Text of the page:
The new international financial architecture (NIFA) was created by the G-7 countries due to the growing volatility in developing countries. Some key components of the NIFA include: The G-20, the Financial Stability Forum and the Reports on Observance of Standards and Codes, the latter involving areas such as corporate governance (Soederberg, 2002). The purpose of the architecture is to offer governments, businesses and individuals a mechanism (i.e. institutions, markets) to conduct economic and financial activities. The goal is to create an environment that:
- Strengthens and stabilizes the international financial system
- Minimizes the world's exposure to financial crises
Some advances have been made in order to reach these goals. The International Monetary Fund (IMF) has been instrumental in making some of these goals become a reality. According to the IMF's fact sheet (2000), some of the major accomplishments include:
- Increase in availability of information from governments and other institutions to the general public
- Increase in the implementation of codes of good practices that are necessary for a health economy
- The creation of the Contingent Credit Lines
IMF is working diligently to provide continuous improvement in practices that affect many sectors. For example, this body continues to:
- Encourage members to release public information notices, which describe the IMF Executive Board's assessment of a country's economy and policies
- Encourage members to release details of policies the member will follow to restore economic stability under its IMF-supported program
- Help countries implement guidelines, such as the Reports on the Observance of Standards and Codes, that will assess a country's progress in practicing internationally recognized standards and codes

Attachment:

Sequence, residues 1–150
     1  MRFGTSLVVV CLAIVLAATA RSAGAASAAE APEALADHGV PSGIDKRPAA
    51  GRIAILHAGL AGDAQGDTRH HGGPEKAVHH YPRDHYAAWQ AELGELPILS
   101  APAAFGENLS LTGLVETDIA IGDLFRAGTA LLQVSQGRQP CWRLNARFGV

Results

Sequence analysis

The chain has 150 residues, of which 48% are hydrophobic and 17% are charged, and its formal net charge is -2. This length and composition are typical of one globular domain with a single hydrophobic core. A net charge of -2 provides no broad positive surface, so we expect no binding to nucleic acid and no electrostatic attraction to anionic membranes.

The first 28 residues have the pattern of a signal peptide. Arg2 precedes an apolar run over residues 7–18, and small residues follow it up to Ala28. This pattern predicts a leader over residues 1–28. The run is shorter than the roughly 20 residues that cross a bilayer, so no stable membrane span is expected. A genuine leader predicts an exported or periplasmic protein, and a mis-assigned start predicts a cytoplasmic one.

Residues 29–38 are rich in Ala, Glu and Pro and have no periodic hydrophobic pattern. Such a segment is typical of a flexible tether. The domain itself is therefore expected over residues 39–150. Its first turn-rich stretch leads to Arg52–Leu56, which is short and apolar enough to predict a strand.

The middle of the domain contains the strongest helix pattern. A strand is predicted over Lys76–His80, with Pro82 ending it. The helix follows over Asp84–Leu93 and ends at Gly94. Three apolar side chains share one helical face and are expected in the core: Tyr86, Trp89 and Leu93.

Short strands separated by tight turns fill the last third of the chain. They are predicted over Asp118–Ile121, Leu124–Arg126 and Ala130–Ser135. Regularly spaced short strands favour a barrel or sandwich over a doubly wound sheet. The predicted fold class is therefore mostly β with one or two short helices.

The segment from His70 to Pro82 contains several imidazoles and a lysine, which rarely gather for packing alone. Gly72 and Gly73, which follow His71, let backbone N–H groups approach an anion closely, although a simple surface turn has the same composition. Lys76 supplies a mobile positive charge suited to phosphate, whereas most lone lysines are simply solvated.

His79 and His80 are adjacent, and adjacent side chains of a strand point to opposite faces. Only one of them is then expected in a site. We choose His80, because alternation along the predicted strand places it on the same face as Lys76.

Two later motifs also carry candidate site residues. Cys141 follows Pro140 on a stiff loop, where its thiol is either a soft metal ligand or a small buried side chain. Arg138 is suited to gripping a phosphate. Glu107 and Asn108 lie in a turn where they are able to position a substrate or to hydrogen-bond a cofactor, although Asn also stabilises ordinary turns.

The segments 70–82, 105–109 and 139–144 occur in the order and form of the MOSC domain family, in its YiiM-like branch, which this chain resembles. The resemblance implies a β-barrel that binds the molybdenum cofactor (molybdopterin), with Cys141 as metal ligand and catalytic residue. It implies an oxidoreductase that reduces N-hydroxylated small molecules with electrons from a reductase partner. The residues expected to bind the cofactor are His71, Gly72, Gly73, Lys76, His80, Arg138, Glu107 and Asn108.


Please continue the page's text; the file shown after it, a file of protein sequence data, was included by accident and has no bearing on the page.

- Address gaps in regulatory standards through the Basle Committee on Banking Supervision
- Encourage members to put procedures in place when they are not experiencing any problems so that they are not responding to a crisis; the opportunity to be proactive versus reactive
- Help countries assess their external vulnerabilities and to choose the appropriate exchange rate regimes
International Monetary System
The international monetary system is needed in order to define a common standard of value for the world's currencies. During the late 19th and early 20th century, the gold standard became the first international monetary system. "It has often been assumed in the international political economy literature that the classical gold standard of the late 19th century represented a turning point in monetary history because it marked the end wherein states manipulated their currency to increase their revenues" (Knafo, 2006, p. 78). One of the advantages of this type of system is that gold has a stabilizing influence. However, a disadvantage of the system is that it lacks liquidity. In addition, if there was an unexplainable increase in the supply of gold, prices could rise abruptly. Due to the large number of disadvantages, the international gold standard failed in 1914 and was replaced by the gold bullion standard during the 1920s. However, the gold bullion standard ceased to be used in the 1930s.
The gold-exchange standard was used to conduct international trade during the period after World War II. This system encouraged countries to set the value of their currency to some foreign currency, which was set and redeemed in gold. Many countries set their currencies to the dollar and maintained dollar reserves in the United States. The United States was seen as the leading country for currency. It was at the 1944 Bretton Woods International conference that a system of fixed exchange rates was...